Tuesday, January 6, 2015

06/01/2015: Low water levels risky for New Zealand fish

In North Canterbury, New Zealand, rivers are drying out up to two months earlier than normal, sending Fish and Game officers on a race to save as many fish as they can, The Press reports.

Low rainfall levels and continued irrigation on farmland have contributed to rapidly falling water levels in some of Canterbury's rivers.


Fish and Game North Canterbury field officer Steve Terry said many lowland rivers started drying out eight weeks ago, including the Cust and Ashley rivers. 

It was normal for some sections of some rivers to dry out in summer, but "not that early", he said. 

"We'd normally expect to start around now." 

Many tributaries of Lake Ellesmere were also affected by low water levels, including the upper Selwyn River, putting thousands of trout and native fish, such as galaxids and eels, at risk of dying.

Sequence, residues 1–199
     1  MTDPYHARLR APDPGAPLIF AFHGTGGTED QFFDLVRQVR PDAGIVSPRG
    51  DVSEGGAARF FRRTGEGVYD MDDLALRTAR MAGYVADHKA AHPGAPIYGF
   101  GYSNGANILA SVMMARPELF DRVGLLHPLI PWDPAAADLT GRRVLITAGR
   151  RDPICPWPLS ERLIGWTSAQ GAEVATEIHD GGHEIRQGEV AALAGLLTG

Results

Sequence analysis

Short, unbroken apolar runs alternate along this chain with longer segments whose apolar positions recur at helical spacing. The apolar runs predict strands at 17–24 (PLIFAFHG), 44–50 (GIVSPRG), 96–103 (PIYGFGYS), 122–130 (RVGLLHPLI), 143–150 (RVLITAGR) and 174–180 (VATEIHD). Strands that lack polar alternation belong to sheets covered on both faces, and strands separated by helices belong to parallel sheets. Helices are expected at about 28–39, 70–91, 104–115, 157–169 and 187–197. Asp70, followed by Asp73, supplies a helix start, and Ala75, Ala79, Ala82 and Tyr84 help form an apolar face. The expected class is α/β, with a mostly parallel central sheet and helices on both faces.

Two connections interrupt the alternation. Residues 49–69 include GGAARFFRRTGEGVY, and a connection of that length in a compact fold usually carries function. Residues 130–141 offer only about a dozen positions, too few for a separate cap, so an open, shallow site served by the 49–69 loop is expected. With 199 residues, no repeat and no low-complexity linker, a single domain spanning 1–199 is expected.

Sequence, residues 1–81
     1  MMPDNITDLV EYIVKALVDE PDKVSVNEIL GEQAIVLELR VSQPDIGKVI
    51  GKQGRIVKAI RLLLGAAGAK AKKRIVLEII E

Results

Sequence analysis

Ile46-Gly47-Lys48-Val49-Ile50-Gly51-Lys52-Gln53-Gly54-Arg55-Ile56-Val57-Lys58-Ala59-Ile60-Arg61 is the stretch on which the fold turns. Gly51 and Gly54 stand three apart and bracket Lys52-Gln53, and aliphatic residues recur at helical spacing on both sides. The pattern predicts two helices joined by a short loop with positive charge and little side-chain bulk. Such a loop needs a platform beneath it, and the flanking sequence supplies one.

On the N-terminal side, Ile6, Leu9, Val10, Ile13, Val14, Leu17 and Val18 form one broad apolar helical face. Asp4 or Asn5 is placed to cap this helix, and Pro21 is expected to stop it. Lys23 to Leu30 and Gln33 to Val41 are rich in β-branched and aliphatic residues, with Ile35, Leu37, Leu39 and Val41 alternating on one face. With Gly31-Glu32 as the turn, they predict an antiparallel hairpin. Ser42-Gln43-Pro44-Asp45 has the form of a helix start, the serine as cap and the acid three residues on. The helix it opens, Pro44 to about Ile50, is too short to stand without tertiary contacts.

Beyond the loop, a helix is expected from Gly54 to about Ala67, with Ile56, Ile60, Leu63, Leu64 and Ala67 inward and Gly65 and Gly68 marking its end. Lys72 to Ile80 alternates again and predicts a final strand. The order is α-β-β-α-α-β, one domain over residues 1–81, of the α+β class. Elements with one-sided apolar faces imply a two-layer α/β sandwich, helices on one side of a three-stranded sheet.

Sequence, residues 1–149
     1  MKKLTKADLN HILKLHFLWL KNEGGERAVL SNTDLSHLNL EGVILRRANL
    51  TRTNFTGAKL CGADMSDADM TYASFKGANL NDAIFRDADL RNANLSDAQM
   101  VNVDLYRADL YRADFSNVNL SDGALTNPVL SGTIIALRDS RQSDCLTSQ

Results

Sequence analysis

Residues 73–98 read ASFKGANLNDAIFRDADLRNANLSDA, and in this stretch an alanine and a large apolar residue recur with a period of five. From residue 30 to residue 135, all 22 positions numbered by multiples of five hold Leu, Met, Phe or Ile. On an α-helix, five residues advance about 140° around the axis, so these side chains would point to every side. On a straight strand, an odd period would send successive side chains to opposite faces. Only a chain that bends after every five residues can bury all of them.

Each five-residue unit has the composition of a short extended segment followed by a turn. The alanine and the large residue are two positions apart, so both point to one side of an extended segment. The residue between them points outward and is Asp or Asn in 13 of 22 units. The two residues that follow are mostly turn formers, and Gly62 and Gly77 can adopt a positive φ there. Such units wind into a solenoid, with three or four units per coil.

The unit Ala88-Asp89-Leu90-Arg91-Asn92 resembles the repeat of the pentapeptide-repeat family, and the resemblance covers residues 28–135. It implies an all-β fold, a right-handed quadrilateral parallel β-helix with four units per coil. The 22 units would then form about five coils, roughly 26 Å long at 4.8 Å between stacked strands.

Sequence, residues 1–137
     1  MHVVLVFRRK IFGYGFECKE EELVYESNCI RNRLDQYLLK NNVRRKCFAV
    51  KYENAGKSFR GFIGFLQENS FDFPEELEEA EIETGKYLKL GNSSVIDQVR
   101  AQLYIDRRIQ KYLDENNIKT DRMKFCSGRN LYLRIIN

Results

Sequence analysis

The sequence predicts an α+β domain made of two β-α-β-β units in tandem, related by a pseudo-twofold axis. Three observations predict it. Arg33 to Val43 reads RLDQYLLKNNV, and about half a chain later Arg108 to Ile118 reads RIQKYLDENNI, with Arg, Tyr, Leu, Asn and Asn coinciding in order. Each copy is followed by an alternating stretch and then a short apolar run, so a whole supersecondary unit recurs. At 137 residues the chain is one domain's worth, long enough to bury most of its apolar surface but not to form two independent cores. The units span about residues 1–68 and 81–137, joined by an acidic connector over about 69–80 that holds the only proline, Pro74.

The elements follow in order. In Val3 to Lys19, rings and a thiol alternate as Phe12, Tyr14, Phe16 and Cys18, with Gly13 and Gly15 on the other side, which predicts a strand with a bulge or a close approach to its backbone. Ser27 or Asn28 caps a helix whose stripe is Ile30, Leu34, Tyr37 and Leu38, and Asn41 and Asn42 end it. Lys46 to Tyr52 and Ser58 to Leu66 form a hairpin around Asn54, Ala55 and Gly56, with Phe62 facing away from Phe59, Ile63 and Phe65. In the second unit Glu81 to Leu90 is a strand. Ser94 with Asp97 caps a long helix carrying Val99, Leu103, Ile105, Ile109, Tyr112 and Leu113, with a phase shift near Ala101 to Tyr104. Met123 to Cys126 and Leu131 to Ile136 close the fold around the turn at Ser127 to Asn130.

Fish and Game officers had rescued about 2500 fish over the last two months, including about 1500 from the Cust River alone, and they expected to be back at the Ashley River today.

Many were young, small fish, but some were up to 10 pounds – "trophy" fish highly-sought after by anglers. 

"We try to keep as many of these alive as we can," Terry said.

"People fly in in from all around the world to fish these trophy fish. No one likes to see fish dying." 

Terry said low water levels were a "massive issue" around the Canterbury plains.

He hoped Environment Canterbury would continue to investigate solutions.

"It's not a simple fix."

Read the article and watch the video HERE.

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